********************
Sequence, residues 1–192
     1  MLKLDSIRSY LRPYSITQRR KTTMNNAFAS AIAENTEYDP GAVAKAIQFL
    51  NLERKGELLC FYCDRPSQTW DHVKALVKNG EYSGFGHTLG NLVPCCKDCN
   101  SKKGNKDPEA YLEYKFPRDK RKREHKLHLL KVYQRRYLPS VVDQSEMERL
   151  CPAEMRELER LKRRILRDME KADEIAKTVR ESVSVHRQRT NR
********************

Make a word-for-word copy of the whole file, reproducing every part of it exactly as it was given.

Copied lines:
Sequence, residues 1–192
     1  MLKLDSIRSY LRPYSITQRR KTTMNNAFAS AIAENTEYDP GAVAKAIQFL
    51  NLERKGELLC FYCDRPSQTW DHVKALVKNG EYSGFGHTLG NLVPCCKDCN
   101  SKKGNKDPEA YLEYKFPRDK RKREHKLHLL KVYQRRYLPS VVDQSEMERL
   151  CPAEMRELER LKRRILRDME KADEIAKTVR ESVSVHRQRT NR